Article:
I've been reading the book "Enterprise Rails" by Dan Chak and it got me thinking: Do you feel that you should have data constraints at both the database level and the application level? Or do you feel similarly to opinionated frameworks like Ruby on Rails - the database is just a "dumb repository" for data, and all checks should be done in your application (I'm not trying to single out RoR here - I'm a huge fan of Rails myself, but I disagree with its approach to the database)?
Personally, I feel that you should have them both in order to make sure your database and application are well-secured. What I mean is that you should make use of not-null constraints, give your fields a length if known ( as opposed to leaving them all at nvarchar(255) ), have things such as Foreign Keys, Check Constraints and Triggers on your database, and then also enforce this through business logic rules in your application. IMO this makes your application robust through its user interface, and also secure against someone who might have direct access to the database.
The counter-argument I most often see is that it requires what amounts to duplicate logic; once at the database level, and once at the application level -- Let's say you have a check constraint to verify that a product's SKU is entered (i.e. it's length is greater than zero).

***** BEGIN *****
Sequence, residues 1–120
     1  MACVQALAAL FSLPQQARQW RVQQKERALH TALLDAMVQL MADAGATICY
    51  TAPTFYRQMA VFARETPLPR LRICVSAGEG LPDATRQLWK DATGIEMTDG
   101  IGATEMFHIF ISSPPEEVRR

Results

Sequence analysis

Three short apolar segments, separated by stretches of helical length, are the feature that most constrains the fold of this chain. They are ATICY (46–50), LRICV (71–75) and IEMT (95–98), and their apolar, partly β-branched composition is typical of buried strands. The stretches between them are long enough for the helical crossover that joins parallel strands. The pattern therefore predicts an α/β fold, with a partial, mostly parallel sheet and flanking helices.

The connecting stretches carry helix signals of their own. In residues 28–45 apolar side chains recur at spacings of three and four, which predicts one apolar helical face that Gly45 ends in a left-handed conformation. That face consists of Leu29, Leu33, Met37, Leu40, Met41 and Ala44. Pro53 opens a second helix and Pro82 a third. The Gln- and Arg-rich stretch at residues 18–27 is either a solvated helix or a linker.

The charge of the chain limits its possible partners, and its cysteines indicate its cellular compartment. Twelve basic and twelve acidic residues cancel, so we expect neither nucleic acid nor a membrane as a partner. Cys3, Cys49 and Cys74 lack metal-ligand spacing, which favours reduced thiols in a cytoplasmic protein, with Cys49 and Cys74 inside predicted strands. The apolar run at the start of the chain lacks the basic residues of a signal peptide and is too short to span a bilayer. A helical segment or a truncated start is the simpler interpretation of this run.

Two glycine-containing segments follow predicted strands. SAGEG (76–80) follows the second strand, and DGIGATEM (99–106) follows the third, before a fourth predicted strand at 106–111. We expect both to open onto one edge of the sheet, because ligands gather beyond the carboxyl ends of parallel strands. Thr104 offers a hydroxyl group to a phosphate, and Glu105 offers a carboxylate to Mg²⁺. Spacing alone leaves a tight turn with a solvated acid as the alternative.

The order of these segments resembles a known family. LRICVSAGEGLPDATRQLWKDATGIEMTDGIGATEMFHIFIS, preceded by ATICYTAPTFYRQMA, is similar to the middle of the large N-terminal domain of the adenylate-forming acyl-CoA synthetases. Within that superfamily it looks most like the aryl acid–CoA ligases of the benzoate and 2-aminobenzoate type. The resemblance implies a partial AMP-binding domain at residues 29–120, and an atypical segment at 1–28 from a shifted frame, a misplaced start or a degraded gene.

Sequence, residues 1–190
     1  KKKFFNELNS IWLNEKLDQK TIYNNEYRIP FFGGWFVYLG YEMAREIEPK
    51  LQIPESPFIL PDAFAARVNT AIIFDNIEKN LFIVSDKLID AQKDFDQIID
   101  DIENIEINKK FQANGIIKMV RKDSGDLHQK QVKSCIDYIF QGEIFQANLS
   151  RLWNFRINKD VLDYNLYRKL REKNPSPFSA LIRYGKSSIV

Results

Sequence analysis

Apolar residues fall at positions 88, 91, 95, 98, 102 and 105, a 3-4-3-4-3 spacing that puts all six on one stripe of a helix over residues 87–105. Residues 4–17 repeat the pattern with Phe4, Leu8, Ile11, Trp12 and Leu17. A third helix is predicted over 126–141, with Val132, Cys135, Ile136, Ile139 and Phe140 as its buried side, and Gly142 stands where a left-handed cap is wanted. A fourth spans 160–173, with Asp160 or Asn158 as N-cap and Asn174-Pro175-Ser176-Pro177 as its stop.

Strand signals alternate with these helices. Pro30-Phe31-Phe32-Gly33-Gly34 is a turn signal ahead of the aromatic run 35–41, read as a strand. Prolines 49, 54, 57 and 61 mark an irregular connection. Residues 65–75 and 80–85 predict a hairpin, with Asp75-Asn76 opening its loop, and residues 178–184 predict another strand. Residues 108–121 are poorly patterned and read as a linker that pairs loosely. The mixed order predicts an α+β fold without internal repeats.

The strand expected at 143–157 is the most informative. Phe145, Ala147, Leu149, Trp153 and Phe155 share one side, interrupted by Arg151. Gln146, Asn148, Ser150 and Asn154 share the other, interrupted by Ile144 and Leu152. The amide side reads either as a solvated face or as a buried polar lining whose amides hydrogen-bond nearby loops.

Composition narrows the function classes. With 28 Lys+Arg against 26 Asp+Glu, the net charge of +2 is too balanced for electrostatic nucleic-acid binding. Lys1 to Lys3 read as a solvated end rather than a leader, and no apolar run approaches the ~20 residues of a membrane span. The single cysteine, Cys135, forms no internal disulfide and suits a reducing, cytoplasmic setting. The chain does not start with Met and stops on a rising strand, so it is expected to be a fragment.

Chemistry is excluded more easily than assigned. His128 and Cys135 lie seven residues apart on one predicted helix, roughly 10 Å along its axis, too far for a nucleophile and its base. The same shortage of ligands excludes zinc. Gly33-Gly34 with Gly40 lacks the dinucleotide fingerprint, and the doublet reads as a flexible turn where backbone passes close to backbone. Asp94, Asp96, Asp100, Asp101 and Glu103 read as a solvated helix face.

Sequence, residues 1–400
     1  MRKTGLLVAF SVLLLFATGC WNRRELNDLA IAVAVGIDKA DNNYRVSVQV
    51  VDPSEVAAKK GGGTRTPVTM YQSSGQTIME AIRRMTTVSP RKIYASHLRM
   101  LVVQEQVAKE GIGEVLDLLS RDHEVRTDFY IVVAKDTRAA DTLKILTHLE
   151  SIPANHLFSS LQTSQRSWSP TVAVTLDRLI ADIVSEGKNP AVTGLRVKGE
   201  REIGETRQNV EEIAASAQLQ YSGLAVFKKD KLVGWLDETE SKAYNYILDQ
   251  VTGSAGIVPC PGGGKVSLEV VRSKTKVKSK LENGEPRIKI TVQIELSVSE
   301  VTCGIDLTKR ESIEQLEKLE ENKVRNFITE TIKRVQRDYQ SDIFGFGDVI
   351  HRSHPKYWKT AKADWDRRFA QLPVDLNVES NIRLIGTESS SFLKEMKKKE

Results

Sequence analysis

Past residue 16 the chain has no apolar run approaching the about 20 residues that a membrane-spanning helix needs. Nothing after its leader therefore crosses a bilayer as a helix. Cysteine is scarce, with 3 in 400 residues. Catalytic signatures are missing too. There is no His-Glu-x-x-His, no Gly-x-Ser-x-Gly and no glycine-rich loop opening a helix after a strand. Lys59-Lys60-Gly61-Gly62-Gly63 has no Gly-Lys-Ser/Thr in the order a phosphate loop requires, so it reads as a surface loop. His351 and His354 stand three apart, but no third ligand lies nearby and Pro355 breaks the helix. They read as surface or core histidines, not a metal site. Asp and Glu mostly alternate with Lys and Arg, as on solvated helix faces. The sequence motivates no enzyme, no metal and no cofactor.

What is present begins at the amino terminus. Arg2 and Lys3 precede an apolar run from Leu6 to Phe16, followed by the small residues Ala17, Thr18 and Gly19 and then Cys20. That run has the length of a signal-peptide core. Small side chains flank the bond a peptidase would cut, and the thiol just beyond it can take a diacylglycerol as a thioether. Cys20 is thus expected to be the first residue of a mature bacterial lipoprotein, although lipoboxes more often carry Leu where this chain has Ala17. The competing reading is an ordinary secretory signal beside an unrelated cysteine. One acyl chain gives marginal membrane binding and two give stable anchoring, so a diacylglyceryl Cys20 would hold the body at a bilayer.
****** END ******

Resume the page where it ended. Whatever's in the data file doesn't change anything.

I for one do not see this as a bad thing - yes you have some duplicate logic, but the end result is the "database as fortress" mindset, since if you think about it your data is the single most important part of your application; after all, what good is your shiny new Web 2.0 application if the data can easily be corrupted and compromised?
What are your thoughts on this? Should the database be an impenetrable fortress like Fort Knox, or an open safe that's guarded by lasers? In other words, should you sacrifice some duplication of logic to ensure a secure data model, or leave everything to your application and use the database simply to store data?